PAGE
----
"For me, recovery is dealing with all the issues that I used to drink to avoid. Whenever I'm extremely stressed, anxious, or depressed, I often think about drinking. Those are the defining moments when I apply the tools I've learned in therapy. A lot of times recovery sucks because it's incredibly hard work that never seems to end, but I can't imagine living my life any other way." -Tawny Lara (Click here for more on TAWNY)

"What does recovery mean to me? Well, I believe that it means the efforts put towards reinventing ourselves and building on top of where we currently are in life. Recovery isn’t just putting down drugs and alcohol, in my opinion. It is healing the wounds of the past and building scar tissue, making us stronger than we ever were before. It is the process of liberating us from the constraints we were once in." -Austin Cooper (Click here for more on AUSTIN)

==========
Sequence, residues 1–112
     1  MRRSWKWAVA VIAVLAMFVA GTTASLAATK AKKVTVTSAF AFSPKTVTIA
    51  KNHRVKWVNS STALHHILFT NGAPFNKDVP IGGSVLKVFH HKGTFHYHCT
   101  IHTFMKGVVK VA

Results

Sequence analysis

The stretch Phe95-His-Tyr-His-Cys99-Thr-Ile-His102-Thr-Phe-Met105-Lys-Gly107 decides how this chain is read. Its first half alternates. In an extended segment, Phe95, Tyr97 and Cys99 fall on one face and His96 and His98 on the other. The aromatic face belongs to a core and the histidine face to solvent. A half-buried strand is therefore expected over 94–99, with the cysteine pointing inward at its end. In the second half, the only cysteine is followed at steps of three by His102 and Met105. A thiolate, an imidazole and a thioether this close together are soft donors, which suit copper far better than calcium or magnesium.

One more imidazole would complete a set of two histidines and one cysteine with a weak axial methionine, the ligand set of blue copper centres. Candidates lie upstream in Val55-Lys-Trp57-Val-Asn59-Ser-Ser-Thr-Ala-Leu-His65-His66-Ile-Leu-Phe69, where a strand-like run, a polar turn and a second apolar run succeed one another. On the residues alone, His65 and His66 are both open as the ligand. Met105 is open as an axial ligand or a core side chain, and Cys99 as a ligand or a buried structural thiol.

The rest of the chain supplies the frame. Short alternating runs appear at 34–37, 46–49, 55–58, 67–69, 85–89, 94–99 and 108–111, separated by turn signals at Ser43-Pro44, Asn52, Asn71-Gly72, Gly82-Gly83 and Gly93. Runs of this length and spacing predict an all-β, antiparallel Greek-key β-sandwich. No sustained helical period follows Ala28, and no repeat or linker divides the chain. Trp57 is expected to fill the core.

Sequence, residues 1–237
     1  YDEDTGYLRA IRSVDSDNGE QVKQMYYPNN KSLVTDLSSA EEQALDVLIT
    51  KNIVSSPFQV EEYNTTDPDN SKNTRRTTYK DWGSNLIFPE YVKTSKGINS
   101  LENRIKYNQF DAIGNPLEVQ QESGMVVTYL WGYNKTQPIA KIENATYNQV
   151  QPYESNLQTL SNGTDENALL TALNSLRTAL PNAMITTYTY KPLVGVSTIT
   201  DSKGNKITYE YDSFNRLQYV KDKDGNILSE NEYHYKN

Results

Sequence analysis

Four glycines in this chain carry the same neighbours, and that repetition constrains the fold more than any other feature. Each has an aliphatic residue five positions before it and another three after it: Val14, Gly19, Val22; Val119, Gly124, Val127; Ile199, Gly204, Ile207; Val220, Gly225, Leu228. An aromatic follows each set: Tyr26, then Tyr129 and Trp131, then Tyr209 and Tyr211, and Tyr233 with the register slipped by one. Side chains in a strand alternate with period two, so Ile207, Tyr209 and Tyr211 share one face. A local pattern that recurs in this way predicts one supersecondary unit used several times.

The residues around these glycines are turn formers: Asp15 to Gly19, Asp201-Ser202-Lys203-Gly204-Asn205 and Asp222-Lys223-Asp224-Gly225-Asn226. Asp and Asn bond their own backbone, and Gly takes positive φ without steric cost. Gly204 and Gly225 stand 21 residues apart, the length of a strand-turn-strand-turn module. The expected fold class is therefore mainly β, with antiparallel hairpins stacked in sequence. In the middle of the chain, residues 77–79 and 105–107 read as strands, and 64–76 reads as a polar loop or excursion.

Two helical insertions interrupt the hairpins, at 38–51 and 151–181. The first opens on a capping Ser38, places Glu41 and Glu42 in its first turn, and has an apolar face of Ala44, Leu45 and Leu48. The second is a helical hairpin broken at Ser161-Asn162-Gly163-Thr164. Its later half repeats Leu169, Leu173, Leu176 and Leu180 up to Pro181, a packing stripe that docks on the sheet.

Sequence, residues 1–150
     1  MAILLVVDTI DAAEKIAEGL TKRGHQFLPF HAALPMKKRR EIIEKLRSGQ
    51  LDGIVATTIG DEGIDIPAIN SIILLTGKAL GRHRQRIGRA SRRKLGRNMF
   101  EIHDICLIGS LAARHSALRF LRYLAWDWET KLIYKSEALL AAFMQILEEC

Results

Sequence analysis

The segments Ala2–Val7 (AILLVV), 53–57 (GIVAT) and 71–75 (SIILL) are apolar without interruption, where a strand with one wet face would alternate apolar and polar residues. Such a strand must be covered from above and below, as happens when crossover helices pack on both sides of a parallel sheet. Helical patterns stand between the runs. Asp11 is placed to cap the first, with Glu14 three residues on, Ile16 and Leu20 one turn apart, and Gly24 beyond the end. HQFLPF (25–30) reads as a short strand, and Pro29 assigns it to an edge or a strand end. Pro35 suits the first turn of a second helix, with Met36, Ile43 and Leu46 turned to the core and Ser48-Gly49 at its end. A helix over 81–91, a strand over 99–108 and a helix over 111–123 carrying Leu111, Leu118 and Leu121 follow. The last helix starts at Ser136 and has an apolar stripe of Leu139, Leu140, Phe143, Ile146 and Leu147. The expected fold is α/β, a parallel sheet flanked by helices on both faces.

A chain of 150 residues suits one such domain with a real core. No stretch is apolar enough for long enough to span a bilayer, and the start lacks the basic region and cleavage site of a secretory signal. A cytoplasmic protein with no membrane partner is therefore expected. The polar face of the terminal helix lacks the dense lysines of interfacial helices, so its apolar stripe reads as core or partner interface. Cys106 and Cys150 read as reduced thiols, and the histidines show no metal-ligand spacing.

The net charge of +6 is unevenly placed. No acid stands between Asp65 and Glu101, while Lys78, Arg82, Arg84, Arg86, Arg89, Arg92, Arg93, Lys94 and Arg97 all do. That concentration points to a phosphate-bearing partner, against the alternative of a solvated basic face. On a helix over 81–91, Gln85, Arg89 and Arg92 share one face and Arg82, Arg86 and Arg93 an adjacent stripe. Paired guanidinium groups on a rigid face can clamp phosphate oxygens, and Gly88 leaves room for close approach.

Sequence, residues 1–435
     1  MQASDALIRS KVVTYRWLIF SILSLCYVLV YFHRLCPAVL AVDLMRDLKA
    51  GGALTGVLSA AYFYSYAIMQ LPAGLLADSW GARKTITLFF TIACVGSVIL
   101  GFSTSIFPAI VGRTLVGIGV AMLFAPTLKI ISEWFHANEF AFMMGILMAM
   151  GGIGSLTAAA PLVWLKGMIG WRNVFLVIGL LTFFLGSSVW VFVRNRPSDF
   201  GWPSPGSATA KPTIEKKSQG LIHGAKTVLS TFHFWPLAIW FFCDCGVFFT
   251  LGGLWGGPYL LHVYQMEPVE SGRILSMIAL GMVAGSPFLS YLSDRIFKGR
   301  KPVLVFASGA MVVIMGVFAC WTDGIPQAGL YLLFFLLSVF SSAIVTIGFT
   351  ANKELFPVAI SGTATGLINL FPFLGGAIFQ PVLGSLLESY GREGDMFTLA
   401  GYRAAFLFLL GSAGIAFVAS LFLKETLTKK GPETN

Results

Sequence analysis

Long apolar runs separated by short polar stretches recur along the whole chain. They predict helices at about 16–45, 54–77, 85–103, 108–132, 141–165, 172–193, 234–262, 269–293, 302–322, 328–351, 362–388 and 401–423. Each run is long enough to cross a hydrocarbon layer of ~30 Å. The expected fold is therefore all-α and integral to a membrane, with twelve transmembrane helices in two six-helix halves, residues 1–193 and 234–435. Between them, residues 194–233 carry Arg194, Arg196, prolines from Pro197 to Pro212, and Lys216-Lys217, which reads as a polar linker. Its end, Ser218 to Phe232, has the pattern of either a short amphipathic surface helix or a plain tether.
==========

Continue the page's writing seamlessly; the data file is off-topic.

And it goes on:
“Recovery means…Possibility for daily growth; Responsibility and accountability for my own actions; Cultivating a spiritual practice through yoga and mindfulness; Appreciating the beauty in nature; Being a better daughter, sister, and friend; Helping others who are struggling; Connection; No hangovers, aka, no regret, shame, guilt, or throwing up; Acceptance and self-love, even on the hardest days; Knowing I can make it through anything without needing to drink, or wanting to; Being truly happy, sober.” -Laura Silverman (Click here for more on LAURA)